The biggest success story of Silicon Valley entrepreneurship started with a South African student. On June 28, 1971, Elon Musk was born in Pretoria, South Africa. A prodigious child — he’d read the entire Encyclopaedia Britannica by age eight and finished a six-month BASIC course in three days — he knew America was where “all the cool stuff” and biggest developments were taking place.
By 1988, he left for Canada (leveraging on his South African-Canadian mother’s lineage here) and enrolled in Queen’s University in Kingston, Canada before transferring to the University of Pennsylvania to complete his bachelor’s degree and later, Stanford for his PhD. The rest, many would say, is history.
The story of America’s “serial entrepreneur” — Musk is the real-life model for Tony Stark, the superhero in the “Iron Man” movie — and his companies, responsible for creating thousands of jobs and driving innovation, would not have been possible if America’s doors had been closed to immigrants like him. But the Trump administration’s immigration policies are making it increasingly hard for international students to study, live and work in the country.
In 2018, the nation considered banning all Chinese students — a move that would stop up to one-third of the international student community from pursuing tertiary education in the US. Other rules followed, such as limiting the period of authorised stay for F-1 students. This would replace the current “duration of status” rule that allows international students to stay indefinitely in the US, as long as they maintain their status as students.
More hurdles were in store once these students graduate, too. The Optional Practical Training program — which allows students or graduates to gain work experience related to their major fields of study up to 36 months — is likely to see more limitations hampering international students’ chances of gaining employment here as there are plans to overhaul the OPT to “improve protections of US workers” and “to reduce fraud and abuse.” Under the Biden administration, analysts say the OPT will no longer be under such threats.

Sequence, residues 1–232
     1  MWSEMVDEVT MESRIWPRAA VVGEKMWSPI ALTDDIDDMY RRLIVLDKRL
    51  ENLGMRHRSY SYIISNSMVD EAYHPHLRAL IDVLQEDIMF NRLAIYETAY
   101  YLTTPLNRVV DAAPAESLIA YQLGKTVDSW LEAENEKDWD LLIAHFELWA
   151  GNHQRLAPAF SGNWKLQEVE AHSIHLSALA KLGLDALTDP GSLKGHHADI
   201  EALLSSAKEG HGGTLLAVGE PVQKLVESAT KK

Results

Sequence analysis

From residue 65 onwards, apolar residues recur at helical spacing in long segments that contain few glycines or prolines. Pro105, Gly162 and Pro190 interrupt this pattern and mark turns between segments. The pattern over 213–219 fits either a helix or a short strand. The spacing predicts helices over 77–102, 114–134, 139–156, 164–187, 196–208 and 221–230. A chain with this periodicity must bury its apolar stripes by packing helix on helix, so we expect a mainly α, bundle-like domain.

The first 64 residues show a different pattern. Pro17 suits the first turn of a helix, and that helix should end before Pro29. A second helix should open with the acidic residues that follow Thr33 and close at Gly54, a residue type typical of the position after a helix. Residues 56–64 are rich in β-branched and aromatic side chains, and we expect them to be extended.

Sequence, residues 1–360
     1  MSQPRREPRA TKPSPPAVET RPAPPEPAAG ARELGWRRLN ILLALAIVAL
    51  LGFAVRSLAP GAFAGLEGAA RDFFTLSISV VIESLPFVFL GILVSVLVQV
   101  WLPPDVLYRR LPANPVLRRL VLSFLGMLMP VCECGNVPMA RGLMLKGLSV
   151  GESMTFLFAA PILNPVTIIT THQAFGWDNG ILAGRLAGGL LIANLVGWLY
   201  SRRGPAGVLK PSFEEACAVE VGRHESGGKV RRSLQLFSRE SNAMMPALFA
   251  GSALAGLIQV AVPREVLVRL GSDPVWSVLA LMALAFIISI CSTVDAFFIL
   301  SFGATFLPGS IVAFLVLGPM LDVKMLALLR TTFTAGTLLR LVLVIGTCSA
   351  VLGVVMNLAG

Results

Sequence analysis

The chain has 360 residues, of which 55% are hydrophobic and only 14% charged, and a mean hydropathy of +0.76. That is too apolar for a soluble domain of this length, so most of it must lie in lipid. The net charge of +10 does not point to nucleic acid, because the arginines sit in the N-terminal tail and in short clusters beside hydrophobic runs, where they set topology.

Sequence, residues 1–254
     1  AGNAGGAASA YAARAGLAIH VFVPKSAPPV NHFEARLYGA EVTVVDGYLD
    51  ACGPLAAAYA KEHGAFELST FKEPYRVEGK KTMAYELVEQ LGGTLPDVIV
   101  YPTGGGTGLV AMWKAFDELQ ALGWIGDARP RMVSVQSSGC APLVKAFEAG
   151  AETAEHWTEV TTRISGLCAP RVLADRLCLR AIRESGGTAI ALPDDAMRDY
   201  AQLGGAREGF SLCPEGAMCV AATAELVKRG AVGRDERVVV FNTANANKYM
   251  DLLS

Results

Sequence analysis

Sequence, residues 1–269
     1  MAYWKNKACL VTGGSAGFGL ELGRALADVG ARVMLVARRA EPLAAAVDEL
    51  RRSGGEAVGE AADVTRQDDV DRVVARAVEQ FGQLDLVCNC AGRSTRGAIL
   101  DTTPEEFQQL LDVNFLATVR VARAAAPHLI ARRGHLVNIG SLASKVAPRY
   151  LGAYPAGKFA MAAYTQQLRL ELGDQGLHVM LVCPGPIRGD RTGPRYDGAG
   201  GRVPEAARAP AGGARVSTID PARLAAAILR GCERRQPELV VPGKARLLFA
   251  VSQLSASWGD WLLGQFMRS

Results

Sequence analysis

Students who progress to the H-1B visa programme, which lets US companies hire foreigners with at least a bachelor’s degree in “specialty occupations,” for which there are not enough skilled American workers to fill available jobs, have also seen this program undergo numerous changes in the last four years alone. These changes, from requesting more evidence during applications to upping the number of surprise visits by fraud teams, have alarmed universities and companies who fear it would drive international students away.
Underlying these restrictions is the Trump administration’s persistent theme to protect American jobs. The Buy American and Hire American Executive Order sought to create higher wages and more jobs for US workers, as well as to protect their economic interests through various immigration laws. It’s been denounced as a counter-productive measure. Letting foreign talent in — instead of keeping them out — is what increases competitiveness, creates jobs and supports US economic growth. “This link between American competitiveness and immigration is a persistent theme for the tech industry,” writes William R Kerr, author of “The Gift of Global Talent.” “In contrast to the coal mines and seaports that anchored past industrial centers, talent in the knowledge economy can go anywhere — excepting, of course, where nations impose limits on people flows.”
Musk’s history, from South Africa to university student to founder of some of America’s most cutting-edge businesses is a clear example of why the US should continue welcoming international students to its campuses. The key milestones in Musk’s journey reveal how an open-door immigration policy that allowed him to live and work in the US was a crucial enabler to making Musk one of the most ambitious entrepreneur success stories to date — and now, the world’s richest person: